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Offline Paleo Donk

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Re: Eating brains for a healthy brain?
« Reply #33 on: March 04, 2010, 07:34:04 am »
The main reason that species don't simulataneously evolve to have both superior intellenge and superior predatory skills is because it is not an evolutionary stable strategy. In essence if the species were to become so powerful it would quickly extinguish its natural food supply and thus go extinct itself quite fast, unless it was intelligent enough to find alternative means of fuel in the universe. Humans might be coming to this crossroad fairly soon.

Offline cherimoya_kid

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Re: Eating brains for a healthy brain?
« Reply #34 on: March 04, 2010, 09:42:01 am »
The main reason that species don't simulataneously evolve to have both superior intellenge and superior predatory skills is because it is not an evolutionary stable strategy. In essence if the species were to become so powerful it would quickly extinguish its natural food supply and thus go extinct itself quite fast, unless it was intelligent enough to find alternative means of fuel in the universe.

That's a good point.  I never thought of that.


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Re: Eating brains for a healthy brain?
« Reply #35 on: March 04, 2010, 12:38:48 pm »
The main reason that species don't simulataneously evolve to have both superior intellenge and superior predatory skills is because it is not an evolutionary stable strategy. In essence if the species were to become so powerful it would quickly extinguish its natural food supply and thus go extinct itself quite fast, unless it was intelligent enough to find alternative means of fuel in the universe. Humans might be coming to this crossroad fairly soon.

It is called devolutionary strategy.
Humans with both superior intellenge and superior predatory skills maintained a stable ecosystem for hundreds of thousands of years, then they devolved into modern man, with the results we see around us.

Offline TylerDurden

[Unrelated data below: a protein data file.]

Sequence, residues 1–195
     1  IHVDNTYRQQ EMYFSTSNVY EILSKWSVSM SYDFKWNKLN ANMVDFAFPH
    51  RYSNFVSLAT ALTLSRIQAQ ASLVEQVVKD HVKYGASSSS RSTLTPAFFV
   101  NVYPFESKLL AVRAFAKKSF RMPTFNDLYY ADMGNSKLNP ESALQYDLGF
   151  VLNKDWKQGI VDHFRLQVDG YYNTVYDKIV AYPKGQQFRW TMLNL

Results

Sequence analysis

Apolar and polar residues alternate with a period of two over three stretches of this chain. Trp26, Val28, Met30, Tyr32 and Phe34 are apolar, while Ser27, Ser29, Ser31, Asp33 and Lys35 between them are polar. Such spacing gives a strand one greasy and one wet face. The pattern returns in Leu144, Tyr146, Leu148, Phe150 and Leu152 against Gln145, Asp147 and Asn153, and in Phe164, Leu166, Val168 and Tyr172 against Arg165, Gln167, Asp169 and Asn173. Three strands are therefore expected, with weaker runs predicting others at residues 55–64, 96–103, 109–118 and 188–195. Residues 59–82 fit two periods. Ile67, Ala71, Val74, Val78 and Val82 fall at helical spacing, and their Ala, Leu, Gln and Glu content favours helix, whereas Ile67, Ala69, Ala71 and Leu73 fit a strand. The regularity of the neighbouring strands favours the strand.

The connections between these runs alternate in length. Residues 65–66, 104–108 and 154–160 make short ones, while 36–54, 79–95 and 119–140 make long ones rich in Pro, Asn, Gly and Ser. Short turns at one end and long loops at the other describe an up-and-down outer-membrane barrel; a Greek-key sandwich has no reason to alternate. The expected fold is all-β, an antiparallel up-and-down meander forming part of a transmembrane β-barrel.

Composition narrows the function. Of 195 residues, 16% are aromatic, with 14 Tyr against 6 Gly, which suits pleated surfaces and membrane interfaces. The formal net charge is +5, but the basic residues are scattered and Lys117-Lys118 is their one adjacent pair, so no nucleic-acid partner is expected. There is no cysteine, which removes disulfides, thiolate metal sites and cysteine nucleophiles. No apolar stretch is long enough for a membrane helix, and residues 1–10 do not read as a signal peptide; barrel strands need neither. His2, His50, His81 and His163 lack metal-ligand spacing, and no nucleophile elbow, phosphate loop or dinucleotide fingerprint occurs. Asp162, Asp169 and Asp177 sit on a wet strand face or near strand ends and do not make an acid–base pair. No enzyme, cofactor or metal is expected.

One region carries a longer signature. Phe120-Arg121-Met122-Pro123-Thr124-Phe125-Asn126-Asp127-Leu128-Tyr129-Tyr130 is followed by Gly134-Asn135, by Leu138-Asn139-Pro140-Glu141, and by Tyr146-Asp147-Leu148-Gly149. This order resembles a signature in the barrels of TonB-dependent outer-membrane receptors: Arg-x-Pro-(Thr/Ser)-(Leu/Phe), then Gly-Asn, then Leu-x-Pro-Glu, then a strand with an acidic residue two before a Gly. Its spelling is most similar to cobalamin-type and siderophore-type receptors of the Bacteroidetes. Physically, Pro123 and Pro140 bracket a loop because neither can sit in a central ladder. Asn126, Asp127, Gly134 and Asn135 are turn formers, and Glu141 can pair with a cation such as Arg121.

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Re: Eating brains for a healthy brain?
« Reply #36 on: March 04, 2010, 07:28:16 pm »
I would agree that something unnatural that humans did was the reason for bigger brains. Tool-use, is a classic one to consider, as humans in apeman days were still far more advanced with tools than other species. I doubt, though, that eating dha-rich foods in a big way helped all that much. Perhaps eating a very minimal amount is necessary though to maintain human brains at optimum size.
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Re: Eating brains for a healthy brain?
« Reply #37 on: March 04, 2010, 11:27:56 pm »
Perhaps eating a very minimal amount is necessary though to maintain human brains at optimum size.

People have been eating a minimal amount of brain for the last 10,000 years while their brains shrank 11%.

Tyler, get a grip.

Offline TylerDurden

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Re: Eating brains for a healthy brain?
« Reply #38 on: March 05, 2010, 05:43:45 pm »
People have been eating a minimal amount of brain for the last 10,000 years while their brains shrank 11%.

Tyler, get a grip.
Given that body-size shrank in tandem with the decline in brain-size, there may have been no difference in IQ whatsoever. After all, one of the key points made is that humans are more intelligent that other animals, not because of bigger brains as such , but because they have a much higher brain-to-body size than other animals. In other words, brain-growth/decline in the Neolithic may well be totally irrelevant.
"During the last campaign I knew what was happening. You know, they mocked me for my foreign policy and they laughed at my monetary policy. No more. No more.
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Offline MaximilianKohler

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Re: Eating brains for a healthy brain?
« Reply #39 on: March 17, 2011, 12:16:49 pm »
so there's no AA or DHA in regular fat? do you know what types of fat are in regular animal fat then?

Offline Techydude

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Re: Eating brains for a healthy brain?
« Reply #40 on: March 17, 2011, 11:25:44 pm »
Brains! BRAINS!!!? Where can I acquire ZEE brains?!!  :D /zombie


Seriously I can't find any cow/lamb/w/e grassfed brains/spinal cords cause of mad cow worry sources?

Offline Johan August

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Re: Eating brains for a healthy brain?
« Reply #41 on: March 17, 2011, 11:56:04 pm »


Gary Taubes in his chapter on triglycerides and cholesterol analyses out red meat fat from a typical porterhouse steak:

[Fifty-one percent of the fat is monounsaturated, of which 90 percent is oleic acid. Saturated fat constitutes 45 percent of the total fat , but a third of that is stearic acid, ... The remaining 4% of the fat is polyunsaturated,...]